I believe that continued priming after the oil pump is primed, the oil filter is filled and the main galleys are filled, will only serve to dilute and wash away the assembly lube from all the bearings and valve train. Leakage around the lifter bores will also wash away or dilute the cam lube on the lobes, lifter faces and bodies, causing increased likelihood of cam/lifter destruction of flat tappet cams upon startup. We feel that the assembly lube will do its designated task of keeping the engine internals lubed properly until full oil pressure and volume are attained.

Our preferred method and the method we instruct our customers to use for pre-oiling is as follows: Before filling the oil pan with the prescribed amount of oil, plus an extra quart for the filter and any cam break-in additive, premix additives into the oil in a clean container before putting the oil into the engine. The additive should be in the oil at the first instant of startup, not waiting until it mixes in the pan later, possibly leaving critical areas without protection.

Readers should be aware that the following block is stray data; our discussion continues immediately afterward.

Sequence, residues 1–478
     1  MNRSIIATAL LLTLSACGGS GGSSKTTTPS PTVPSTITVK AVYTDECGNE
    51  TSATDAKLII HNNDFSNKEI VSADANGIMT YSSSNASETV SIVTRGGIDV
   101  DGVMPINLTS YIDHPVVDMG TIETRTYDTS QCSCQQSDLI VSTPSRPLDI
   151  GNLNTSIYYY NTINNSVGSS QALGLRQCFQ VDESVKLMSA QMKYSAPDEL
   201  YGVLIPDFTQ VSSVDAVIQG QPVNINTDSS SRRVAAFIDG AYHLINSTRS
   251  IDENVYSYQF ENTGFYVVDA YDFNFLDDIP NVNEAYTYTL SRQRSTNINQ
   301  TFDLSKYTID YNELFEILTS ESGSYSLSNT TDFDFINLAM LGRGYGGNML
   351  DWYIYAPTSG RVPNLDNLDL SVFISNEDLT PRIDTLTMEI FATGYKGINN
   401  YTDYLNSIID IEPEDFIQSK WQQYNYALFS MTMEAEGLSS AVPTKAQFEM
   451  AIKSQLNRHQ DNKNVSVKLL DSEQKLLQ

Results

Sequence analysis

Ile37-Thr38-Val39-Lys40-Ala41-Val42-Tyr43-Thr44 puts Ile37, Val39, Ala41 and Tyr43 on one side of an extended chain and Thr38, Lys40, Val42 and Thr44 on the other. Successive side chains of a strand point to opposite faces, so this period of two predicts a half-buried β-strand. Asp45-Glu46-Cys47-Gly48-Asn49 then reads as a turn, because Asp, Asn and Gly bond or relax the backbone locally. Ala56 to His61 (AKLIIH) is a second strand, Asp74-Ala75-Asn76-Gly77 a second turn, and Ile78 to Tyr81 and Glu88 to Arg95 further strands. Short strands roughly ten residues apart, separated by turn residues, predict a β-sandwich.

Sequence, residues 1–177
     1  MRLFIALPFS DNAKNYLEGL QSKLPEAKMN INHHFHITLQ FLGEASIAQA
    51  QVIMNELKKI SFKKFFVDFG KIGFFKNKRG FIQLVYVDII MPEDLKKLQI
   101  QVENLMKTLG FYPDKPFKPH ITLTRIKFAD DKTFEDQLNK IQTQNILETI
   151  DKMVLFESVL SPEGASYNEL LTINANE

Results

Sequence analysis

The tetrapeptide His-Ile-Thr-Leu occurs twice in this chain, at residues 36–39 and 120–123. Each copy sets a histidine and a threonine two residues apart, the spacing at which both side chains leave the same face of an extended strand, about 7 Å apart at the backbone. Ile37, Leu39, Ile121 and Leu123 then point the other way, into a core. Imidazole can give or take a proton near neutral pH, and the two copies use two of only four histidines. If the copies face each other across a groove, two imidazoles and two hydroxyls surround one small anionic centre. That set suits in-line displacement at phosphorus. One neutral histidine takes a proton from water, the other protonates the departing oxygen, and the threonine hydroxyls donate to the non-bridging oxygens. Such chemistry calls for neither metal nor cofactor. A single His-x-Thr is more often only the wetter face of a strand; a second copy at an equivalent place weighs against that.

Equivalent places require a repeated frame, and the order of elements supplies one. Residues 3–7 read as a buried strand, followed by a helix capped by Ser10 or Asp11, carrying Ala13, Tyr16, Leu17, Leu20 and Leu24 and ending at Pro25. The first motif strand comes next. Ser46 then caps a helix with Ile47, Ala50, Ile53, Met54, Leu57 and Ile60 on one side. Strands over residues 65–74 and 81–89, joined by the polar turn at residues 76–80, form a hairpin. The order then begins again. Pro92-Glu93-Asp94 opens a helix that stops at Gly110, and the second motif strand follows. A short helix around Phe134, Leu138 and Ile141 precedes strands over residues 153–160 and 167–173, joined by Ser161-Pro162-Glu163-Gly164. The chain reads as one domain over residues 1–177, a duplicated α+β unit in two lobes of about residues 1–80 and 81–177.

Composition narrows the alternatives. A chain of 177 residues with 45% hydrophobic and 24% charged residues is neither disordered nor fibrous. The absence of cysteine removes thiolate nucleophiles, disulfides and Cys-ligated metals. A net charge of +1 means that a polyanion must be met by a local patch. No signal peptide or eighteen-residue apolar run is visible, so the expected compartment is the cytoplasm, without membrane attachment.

With Chevy style oiling galleries, use an empty distributor housing or a commercially sold timing tool to seal the lifter galley on the passenger side before priming. Insert the priming tool, spin it, and you will feel it spin freely until the pump picks up oil and drags down the drill motor. (You prelubed the pump with bearing prelube before installing it, didn’t you?) Now continue spinning the tool. When you feel the priming motor drag down again, the oil filter is filling.

Now the critical part. When the drill motor is dragged down for the third time that indicates that the oil filter is full and the main oil galleries are also full. Now, Stop priming the engine. Any further priming will only wash off the prelube. I prefer allowing small bubbles of air in the galleries to washing off the prelube!